Medically reviewed by John A. Daller, MD; American Board of Surgery

REFERENCES:

Gerace, James E. "Smoking and Heart Disease." Mar. 9, 2010. <https://www.webmd.com/smoking-cessation/quit-smoking-heart?page=3>.

United States. Centers for Disease Control and Prevention. "Sleep and Sleep Disorders." Sept. 23, 2010. <http://www.cdc.gov/features/sleep/>.

United States. Centers for Disease Control and Prevention. "Smoking & Tobacco Use." Mar. 21, 2011. <http://www.cdc.gov/tobacco/data_statistics/fact_sheets/health_effects/effects_cig_smoking/#adults>.

United States. National Cancer Institute. "Tobacco Statistics Snapshot." Nov. 12, 2010. <http://www.cancer.gov/cancertopics/tobacco/statisticssnapshot>.

United States. National Heart Lung and Blood Institute. "Healthy Eating Plan." <http://www.nhlbi.nih.gov/health/public/heart/obesity/lose_wt/calories.htm>.

United States. United States Department of Agriculture. "ChooseMyPlate.gov." Aug. 26, 2011. <http://www.choosemyplate.gov/>.

United States. U.S. Food and Drug Administration. "Produce Safety." May 16, 2011. <http://www.fda.gov/food/resourcesforyou/consumers/ucm114299>.

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Reviewed on 3/9/2016
References
Medically reviewed by John A. Daller, MD; American Board of Surgery

REFERENCES:

Gerace, James E. "Smoking and Heart Disease." Mar. 9, 2010. <https://www.webmd.com/smoking-cessation/quit-smoking-heart?page=3>.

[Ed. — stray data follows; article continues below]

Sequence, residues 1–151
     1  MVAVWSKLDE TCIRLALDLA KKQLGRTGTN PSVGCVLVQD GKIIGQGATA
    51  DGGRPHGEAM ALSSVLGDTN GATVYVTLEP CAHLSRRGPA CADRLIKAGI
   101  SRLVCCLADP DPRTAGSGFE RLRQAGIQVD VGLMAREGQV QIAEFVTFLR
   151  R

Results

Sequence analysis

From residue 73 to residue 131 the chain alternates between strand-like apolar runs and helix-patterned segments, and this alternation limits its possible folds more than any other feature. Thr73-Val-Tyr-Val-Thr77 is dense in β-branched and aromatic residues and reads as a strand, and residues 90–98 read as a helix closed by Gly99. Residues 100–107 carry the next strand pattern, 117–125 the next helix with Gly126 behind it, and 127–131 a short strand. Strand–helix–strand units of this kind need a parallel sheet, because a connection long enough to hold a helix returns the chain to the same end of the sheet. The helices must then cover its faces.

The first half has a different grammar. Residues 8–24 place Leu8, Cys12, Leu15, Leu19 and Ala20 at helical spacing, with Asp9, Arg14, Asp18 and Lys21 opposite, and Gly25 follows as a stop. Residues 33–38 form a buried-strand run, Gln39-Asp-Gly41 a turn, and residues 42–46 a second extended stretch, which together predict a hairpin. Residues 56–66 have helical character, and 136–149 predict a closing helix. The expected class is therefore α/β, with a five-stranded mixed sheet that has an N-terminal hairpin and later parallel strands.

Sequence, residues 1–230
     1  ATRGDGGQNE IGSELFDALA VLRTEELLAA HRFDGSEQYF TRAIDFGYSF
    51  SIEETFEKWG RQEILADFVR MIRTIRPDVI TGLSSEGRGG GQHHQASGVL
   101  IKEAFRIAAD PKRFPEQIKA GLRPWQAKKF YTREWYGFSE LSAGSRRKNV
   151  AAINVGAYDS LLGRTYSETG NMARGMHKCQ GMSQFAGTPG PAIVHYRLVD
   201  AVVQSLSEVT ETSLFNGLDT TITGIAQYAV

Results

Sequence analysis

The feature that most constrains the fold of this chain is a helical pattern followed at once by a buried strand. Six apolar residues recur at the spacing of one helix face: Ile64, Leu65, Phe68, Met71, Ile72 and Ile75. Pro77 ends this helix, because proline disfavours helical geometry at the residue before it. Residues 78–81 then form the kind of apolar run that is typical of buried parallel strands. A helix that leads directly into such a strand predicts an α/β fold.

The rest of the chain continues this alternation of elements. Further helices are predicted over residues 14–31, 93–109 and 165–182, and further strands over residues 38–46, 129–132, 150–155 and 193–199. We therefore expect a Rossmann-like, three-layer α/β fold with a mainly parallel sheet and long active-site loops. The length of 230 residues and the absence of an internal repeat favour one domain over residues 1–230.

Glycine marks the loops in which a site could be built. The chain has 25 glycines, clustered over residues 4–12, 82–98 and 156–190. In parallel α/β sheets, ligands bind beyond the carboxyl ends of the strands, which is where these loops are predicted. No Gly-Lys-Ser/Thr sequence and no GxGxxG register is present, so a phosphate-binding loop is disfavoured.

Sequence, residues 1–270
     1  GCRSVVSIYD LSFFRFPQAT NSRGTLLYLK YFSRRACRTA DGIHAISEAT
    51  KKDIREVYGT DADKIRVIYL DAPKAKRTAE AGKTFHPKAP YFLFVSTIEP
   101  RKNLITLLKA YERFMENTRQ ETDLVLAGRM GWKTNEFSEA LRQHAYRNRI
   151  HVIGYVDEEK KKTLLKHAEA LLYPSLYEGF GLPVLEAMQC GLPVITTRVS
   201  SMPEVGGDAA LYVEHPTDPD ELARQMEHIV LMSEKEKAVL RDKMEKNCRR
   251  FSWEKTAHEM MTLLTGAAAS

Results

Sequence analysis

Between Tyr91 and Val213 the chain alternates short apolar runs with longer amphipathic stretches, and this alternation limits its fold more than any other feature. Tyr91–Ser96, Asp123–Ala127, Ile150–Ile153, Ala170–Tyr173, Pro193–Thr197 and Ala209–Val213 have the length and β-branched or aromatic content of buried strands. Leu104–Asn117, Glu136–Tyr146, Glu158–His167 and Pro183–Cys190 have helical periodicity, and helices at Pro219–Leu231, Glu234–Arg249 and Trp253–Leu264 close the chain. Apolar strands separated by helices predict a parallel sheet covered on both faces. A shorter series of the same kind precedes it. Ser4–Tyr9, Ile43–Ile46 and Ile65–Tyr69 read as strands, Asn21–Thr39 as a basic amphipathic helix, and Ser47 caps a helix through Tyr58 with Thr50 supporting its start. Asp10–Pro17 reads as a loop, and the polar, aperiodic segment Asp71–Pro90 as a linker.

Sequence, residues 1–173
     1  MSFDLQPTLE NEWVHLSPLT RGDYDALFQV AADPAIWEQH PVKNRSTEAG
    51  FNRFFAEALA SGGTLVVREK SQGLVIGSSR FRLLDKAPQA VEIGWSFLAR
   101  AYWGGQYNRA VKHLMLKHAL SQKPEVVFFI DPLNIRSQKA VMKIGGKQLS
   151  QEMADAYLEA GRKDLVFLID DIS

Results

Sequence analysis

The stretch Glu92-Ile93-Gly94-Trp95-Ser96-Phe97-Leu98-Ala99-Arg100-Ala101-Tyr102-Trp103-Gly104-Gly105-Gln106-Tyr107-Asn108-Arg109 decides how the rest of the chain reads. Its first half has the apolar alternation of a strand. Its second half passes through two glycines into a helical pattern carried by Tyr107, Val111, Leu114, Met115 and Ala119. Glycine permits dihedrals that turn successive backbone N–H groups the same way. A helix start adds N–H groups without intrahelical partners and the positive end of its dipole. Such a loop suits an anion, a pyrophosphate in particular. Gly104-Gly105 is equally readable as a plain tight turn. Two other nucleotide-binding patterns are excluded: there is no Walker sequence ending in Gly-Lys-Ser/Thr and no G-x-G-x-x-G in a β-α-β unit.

United States. Centers for Disease Control and Prevention. "Sleep and Sleep Disorders." Sept. 23, 2010. <http://www.cdc.gov/features/sleep/>.

United States. Centers for Disease Control and Prevention. "Smoking & Tobacco Use." Mar. 21, 2011. <http://www.cdc.gov/tobacco/data_statistics/fact_sheets/health_effects/effects_cig_smoking/#adults>.

United States. National Cancer Institute. "Tobacco Statistics Snapshot." Nov. 12, 2010. <http://www.cancer.gov/cancertopics/tobacco/statisticssnapshot>.

United States. National Heart Lung and Blood Institute. "Healthy Eating Plan." <http://www.nhlbi.nih.gov/health/public/heart/obesity/lose_wt/calories.htm>.

United States. United States Department of Agriculture. "ChooseMyPlate.gov." Aug. 26, 2011. <http://www.choosemyplate.gov/>.

United States. U.S. Food and Drug Administration. "Produce Safety." May 16, 2011. <http://www.fda.gov/food/resourcesforyou/consumers/ucm114299>.